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Militants assault government building in Baghdad

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Photo - Civilians inspect the aftermath of a car bomb attack near the al-Farasha pastry shop in the southeastern district of New Baghdad, Iraq, Thursday, Jan. 30, 2014. Car bombs and a shooting, mainly in Shiite areas, killed and wounded scores of people in the Iraqi capital on Wednesday, officials said, as authorities released a rare photograph of a man they say is the leader of al-Qaida's local branch. Since late December, members of Iraq's al-Qaida branch have taken over parts of Ramadi, capital of the largely Sunni province of Anbar. They also control the center of the nearby city of Fallujah. Government forces and allied tribes have been trying to wrest control back from the militants. (AP Photo/Khalid Mohammed)
Civilians inspect the aftermath of a car bomb attack near the al-Farasha pastry shop in the southeastern district of New Baghdad, Iraq, Thursday, Jan. 30, 2014. Car bombs and a shooting, mainly in Shiite areas, killed and wounded scores of people in the Iraqi capital on Wednesday, officials said, as authorities released a rare photograph of a man they say is the leader of al-Qaida's local branch. Since late December, members of Iraq's al-Qaida branch have taken over parts of Ramadi, capital of the largely Sunni province of Anbar. They also control the center of the nearby city of Fallujah. Government forces and allied tribes have been trying to wrest control back from the militants. (AP Photo/Khalid Mohammed)
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BAGHDAD (AP) — Gunmen and suicide bombers staged a brazen assault on a government building in Baghdad, officials said, killing two people in the latest such attack in the heart of the Iraqi capital by militants trying to undermine further the Shiite-led government's shaky authority.

The firefight at a state-run transportation company was one of several attacks that left 11 dead across the city, and came as Iraq grapples with a stubborn insurgency in the country's western Anbar province. Government troops are trying to oust al-Qaida-linked fighters and their allies from cities in the area.

At least six gunmen were involved in Thursday's attack, said Interior Ministry spokesman Saad Maan Ibrahim. The attackers stormed the state-run Company for Transportation in Baghdad's Canal Street, where numerous government offices are located.

The police shot and killed four of the militants inside the building while the other two blew themselves up at the entrance, Maan told The Associated Press in a phone interview. He also said that the stand-off ended with at least one employee and a policeman killed in the attack, but gave no details on how they died.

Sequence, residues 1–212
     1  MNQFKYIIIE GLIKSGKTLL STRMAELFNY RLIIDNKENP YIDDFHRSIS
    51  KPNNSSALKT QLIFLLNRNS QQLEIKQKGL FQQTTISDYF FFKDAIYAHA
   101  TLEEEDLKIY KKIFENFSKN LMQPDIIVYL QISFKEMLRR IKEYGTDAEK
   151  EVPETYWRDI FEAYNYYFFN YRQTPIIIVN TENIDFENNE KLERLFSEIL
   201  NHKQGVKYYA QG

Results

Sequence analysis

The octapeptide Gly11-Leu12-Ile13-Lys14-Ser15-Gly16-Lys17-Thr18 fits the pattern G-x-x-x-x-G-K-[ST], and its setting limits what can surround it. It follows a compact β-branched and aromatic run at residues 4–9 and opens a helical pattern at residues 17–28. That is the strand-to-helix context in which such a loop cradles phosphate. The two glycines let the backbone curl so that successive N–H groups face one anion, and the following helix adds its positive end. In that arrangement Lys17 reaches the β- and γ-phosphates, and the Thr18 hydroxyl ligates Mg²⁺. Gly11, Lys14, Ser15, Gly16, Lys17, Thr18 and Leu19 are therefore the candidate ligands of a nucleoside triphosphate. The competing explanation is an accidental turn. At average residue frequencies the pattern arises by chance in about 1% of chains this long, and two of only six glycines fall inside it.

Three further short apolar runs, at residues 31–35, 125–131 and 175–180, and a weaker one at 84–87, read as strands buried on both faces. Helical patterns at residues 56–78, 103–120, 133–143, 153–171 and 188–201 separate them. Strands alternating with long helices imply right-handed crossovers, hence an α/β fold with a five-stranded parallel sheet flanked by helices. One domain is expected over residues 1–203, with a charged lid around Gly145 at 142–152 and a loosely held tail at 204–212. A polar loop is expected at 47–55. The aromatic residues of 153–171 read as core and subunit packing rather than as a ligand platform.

Troops sealed off the area as armored vehicles rushed to the scene. At least one army helicopter was seen hovering overhead.

There was no immediate claim of responsibility for the attacks. But coordinated and brazen attacks against Shiites, security forces and government buildings are frequently the work of al-Qaida's affiliate in Iraq, which has been emboldened by the successes of its fellow militants in the civil war next door in Syria and by widespread Sunni anger at the Shiite-led government.

Last year, insurgents — some of them suicide bombers — unleashed a large and carefully planned assault on the Iraqi Justice Ministry that included car bombs and gunmen disguised as police, killing at least 24 people.

In that attack, for which al-Qaida took credit, about six gunmen wearing police uniforms stormed the ministry's building and one-hour battle erupted between the intruders and the security force. The security forces cleared the building after killing all the attackers.

Also Thursday, a parked car bomb ripped through a market in Baghdad's northern Kasra neighborhood, killing at least four people and wounding 11, a police officer and a medical official said. Another car bomb exploded at a bus station in Baghdad's eastern Ur neighborhood, killing five civilians and wounding 11, police and medical officials said.

All officials spoke on condition of anonymity because they were not authorized to talk to the media.

The bombings in Baghdad occurred as Iraqi security forces and allied tribal militia fight to recapture parts of the Anbar provincial capital Ramadi, and the city center of nearby Fallujah from al-Qaida-linked rebels and other groups. Clashes continued on Thursday with state TV saying that at least 24 militants were killed, but gave no details.

At night, gunmen abducted three bothers of Sabah Karhout, the head of Anbar provincial council, said councilman Faleh al-Issawi.

The gunmen blew up Karhout's house in Karmha, near Fallujah, before taking the brothers away. Al-Issawi said that Karhout was in the house during the attack.

Violence has escalated in Iraq over the past year. Last year, the country saw the highest death toll since the worst of the country's sectarian bloodletting began to subside in 2007, according to United Nations figures. The U.N. said violence killed 8,868 last year.

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Associated Press writer Sameer N. Yacoub contributed to this report from Baghdad.

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Follow Sinan Salaheddin on Twitter at https://twitter.com/sinansm

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